very sleepy to begin with,” the city suggested. “But at least you could close
your eyes and try to get a little rest. Won’t you do that for me?”
“No!” Carmody said. “I’m
not sleepy and I don’t need a rest.”
“Stubborn!” the city
said. “Do what you like. I’ve tried my best.”
“Yeah!” Carmody said,
getting to his feet and walking out of the Snoozerie.
Carmody stood on a
little curved bridge and looked over a blue lagoon.
“This is a copy of
the Rialto bridge in Venice,” the city said. “Scaled down, of course.”
“I know,” Carmody
said. “I read the sign.”
enchanting isn’t it?”
“Sure, it’s fine,”
Carmody said, lighting a cigarette.
“You’re doing a lot
of smoking,” the city pointed out.
“I know. I feel like
“As your medical
advisor, I must point out that the link between smoking and lung cancer is
“If you switched to a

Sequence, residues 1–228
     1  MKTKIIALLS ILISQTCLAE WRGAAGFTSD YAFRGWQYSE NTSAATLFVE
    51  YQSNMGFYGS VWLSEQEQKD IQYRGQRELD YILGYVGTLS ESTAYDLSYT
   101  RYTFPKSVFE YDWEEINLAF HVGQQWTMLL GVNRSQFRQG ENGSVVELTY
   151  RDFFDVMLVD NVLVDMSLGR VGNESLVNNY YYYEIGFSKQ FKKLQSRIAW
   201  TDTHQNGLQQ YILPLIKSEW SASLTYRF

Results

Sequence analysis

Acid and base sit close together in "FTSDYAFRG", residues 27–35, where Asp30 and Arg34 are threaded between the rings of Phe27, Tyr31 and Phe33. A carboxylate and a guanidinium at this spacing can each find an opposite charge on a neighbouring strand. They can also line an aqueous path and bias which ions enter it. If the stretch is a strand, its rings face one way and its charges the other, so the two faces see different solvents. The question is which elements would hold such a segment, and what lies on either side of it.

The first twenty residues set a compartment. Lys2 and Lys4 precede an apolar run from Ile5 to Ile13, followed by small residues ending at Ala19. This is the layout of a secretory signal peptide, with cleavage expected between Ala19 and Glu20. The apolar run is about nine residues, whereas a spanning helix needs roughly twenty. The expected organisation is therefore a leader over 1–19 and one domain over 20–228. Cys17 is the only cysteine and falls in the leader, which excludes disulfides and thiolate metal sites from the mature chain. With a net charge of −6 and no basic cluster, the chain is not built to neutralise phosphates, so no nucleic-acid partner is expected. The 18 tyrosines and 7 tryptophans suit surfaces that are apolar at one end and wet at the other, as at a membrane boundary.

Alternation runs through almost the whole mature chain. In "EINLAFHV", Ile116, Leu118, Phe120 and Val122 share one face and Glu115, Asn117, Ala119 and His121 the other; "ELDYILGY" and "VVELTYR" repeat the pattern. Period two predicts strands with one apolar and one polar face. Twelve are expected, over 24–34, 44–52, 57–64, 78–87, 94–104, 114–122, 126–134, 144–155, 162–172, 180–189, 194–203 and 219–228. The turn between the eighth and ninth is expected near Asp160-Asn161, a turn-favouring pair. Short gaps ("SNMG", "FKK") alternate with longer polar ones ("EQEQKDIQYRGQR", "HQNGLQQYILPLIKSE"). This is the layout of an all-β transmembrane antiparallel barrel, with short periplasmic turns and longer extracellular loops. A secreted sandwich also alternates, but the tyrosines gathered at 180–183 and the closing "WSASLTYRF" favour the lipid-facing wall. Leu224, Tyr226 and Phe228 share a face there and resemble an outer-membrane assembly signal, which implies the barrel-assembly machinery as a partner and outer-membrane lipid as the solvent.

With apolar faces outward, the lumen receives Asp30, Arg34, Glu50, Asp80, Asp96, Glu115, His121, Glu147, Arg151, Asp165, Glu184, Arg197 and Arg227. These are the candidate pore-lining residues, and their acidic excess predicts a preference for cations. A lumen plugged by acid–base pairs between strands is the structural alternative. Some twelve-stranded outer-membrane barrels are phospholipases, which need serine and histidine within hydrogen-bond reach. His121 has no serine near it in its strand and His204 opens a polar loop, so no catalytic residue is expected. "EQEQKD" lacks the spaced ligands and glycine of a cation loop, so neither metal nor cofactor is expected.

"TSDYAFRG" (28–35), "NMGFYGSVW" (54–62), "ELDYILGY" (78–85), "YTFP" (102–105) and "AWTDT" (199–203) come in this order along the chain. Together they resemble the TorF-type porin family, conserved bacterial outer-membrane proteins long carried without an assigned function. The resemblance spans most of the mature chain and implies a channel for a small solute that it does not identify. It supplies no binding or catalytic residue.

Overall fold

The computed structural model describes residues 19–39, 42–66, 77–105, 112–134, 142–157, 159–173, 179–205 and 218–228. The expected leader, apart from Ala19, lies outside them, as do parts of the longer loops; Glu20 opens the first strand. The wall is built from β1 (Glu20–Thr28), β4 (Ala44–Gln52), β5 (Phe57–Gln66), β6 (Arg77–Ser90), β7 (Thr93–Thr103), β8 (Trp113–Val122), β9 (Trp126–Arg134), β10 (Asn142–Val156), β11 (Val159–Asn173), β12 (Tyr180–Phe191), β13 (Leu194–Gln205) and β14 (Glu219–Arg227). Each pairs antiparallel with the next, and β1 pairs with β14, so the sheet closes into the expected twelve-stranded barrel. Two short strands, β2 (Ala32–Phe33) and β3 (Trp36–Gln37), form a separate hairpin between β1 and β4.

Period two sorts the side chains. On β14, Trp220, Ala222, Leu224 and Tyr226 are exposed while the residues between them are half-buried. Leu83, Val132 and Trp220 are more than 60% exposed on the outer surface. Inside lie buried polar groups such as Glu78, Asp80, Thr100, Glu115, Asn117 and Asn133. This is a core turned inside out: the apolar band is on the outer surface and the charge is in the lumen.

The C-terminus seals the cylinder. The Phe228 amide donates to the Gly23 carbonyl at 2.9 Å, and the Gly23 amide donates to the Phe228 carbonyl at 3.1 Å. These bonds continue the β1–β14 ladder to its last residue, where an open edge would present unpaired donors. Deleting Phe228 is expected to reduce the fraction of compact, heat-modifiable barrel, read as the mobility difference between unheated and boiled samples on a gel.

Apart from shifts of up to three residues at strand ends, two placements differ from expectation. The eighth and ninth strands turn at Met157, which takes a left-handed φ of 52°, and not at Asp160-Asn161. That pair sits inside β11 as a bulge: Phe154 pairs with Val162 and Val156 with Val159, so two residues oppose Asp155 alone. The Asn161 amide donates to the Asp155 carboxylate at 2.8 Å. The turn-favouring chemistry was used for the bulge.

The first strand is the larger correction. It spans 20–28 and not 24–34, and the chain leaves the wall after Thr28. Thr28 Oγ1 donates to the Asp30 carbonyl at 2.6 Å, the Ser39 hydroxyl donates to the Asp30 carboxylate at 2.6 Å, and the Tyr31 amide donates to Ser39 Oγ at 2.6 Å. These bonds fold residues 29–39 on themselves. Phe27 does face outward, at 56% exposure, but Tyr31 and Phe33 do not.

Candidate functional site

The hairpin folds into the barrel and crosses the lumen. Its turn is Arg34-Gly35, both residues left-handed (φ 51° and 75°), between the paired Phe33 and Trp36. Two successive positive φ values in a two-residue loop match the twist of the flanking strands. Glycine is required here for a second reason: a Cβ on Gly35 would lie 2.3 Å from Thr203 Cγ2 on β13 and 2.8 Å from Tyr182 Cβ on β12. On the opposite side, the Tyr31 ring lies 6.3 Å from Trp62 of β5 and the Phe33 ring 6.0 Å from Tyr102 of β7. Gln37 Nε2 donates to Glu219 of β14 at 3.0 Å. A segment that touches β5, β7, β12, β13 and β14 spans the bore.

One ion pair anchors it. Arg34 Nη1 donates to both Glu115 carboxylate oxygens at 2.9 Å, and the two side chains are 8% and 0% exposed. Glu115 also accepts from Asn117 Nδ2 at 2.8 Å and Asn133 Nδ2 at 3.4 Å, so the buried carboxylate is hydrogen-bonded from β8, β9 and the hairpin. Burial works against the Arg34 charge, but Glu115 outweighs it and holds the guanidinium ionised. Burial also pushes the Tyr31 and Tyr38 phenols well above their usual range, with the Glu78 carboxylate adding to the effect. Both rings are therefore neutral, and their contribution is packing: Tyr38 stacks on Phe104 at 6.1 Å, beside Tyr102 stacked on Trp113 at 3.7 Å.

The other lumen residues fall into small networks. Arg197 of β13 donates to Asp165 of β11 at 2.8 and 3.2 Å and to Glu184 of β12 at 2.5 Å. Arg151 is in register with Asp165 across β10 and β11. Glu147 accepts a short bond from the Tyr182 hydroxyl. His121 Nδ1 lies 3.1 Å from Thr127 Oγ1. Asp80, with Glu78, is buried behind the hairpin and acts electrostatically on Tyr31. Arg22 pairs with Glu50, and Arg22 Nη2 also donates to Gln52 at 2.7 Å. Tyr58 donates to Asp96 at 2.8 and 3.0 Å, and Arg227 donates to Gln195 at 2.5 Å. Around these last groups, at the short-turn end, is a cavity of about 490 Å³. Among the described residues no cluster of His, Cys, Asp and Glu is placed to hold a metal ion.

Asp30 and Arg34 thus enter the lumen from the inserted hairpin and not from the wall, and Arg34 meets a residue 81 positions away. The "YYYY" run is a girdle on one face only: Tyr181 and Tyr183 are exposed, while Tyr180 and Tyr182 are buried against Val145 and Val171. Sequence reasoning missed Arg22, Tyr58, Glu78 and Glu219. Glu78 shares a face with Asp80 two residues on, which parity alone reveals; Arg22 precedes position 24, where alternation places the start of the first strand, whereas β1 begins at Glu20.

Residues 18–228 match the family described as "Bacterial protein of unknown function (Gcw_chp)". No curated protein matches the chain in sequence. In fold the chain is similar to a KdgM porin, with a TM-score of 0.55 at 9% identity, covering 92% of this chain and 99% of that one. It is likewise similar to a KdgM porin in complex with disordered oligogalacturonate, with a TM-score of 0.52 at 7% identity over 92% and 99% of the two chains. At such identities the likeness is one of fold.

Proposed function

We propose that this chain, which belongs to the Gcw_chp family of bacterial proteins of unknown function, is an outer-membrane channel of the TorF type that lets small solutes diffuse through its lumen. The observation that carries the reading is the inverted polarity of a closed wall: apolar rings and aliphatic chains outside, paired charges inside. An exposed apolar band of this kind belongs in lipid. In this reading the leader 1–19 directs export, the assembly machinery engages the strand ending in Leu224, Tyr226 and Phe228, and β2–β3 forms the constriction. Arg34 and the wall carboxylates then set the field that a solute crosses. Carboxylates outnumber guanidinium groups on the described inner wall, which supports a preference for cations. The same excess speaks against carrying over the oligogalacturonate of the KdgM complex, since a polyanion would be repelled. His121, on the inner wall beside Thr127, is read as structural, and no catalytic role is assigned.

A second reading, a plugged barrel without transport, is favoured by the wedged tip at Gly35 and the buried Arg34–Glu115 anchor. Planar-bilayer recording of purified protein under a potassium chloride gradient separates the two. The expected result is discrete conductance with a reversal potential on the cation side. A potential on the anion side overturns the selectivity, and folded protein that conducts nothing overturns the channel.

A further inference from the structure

pipe your chances would be improved.”
“I don’t like pipes.”
“What about a cigar,
“I don’t like
cigars.” He lit another cigarette.
“That’s your third
cigarette in five minutes,” the city said.
“Goddamn it, I’ll
smoke as much and as often as please!” Carmody shouted.
“Well, of course you
will!” the city said. “I was merely trying to advise you for your own good.
Would you want me to simply stand by and not say a word while you destroyed
“Yes,” Carmody said.
“I can’t believe that
you mean that. There is an ethical imperative involved here. Man can act
against his best interests; but a machine is not allowed that degree of
“Get off my back,”
Carmody said sullenly. “Quit pushing me around.”
“Pushing you around?
My dear Carmody, have I coerced you in any way? Have I done any more than
“Maybe not. But you
talk too much.”
“Perhaps I don’t talk
enough,” the city said. “To judge from the response I get.”
“You talk too much,”